At his final board meeting, FSCJ's outgoing president tried to explain the college’s controversial program that may end up costing Florida taxpayers million of dollars.
Dr. Steven Wallace said, "Not all innovations work. Most of the time they do, but sometimes they don't meet our expectations."
The program might have awarded FSCJ students millions of dollars in Federal Pell Grant money they should have never received. FSCJ then accepted that money in tuition payments, funds the state college might now have to pay back to Uncle Sam. Students got their federal grants, FSCJ got paid, but now Florida taxpayers might have to pick up the tab.
"There aren't any rules against doing this, but it's unique. So it has raised leg questions."
According to a preliminary report from the U.S. Department of Education, students courses were tracked by a computer program that automatically changed students majors without their knowledge. Wallace said it was meant to help students graduate.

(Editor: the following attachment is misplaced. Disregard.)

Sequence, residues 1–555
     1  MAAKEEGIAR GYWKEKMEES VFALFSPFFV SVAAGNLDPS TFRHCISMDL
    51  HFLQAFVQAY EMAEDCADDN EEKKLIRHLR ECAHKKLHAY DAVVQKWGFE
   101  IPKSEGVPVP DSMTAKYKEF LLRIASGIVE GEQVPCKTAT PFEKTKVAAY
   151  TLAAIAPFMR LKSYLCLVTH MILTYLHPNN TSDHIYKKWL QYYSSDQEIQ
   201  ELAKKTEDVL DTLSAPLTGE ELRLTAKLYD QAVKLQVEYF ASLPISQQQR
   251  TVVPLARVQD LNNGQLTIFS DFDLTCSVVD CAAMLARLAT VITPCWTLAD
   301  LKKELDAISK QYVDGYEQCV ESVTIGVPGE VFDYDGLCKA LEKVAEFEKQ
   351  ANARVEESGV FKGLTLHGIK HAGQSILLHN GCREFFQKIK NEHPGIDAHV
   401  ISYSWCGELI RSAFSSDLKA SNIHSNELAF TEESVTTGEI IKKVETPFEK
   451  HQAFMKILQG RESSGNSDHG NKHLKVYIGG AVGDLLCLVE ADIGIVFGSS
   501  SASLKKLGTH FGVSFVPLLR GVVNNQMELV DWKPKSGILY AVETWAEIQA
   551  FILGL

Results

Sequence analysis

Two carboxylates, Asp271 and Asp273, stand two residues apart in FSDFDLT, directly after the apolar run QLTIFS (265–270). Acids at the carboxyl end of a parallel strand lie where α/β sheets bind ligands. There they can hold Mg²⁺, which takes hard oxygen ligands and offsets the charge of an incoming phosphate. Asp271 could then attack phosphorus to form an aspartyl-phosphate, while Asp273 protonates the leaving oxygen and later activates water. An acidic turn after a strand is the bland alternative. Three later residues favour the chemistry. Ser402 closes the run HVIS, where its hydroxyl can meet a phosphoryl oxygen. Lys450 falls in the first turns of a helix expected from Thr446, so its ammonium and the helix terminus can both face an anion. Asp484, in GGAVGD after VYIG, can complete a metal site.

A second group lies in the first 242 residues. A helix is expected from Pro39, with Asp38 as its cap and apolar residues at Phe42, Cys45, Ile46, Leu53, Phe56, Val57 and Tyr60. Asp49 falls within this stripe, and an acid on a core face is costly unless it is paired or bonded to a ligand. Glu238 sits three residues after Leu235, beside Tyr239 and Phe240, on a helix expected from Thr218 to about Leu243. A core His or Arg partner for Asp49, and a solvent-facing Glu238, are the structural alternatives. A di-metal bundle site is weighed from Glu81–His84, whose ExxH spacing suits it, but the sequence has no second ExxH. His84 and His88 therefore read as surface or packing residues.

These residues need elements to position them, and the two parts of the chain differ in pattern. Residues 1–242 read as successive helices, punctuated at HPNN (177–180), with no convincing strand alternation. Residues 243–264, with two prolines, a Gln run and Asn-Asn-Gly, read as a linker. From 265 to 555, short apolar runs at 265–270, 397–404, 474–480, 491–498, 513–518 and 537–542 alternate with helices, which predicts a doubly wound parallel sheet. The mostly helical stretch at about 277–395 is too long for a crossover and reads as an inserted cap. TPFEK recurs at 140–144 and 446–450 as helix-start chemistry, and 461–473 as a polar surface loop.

Wallace said, "If the student came in to take welding and the computer found they were taking courses that would add to an Associates of arts degree, [the program] would add an Associates of Arts degree to that students record."
The school's vice-president of student affairs estimates, the mistake could cost the school upward of $25 million. A mistake noted in a federal government report.
Jeanne Miller, FSCJ General Counsel, said, "This preliminary report is not a final report; it's not a finding. It's a proposed finding; we will address that in 60 days and I would encourage you to reserve judgment."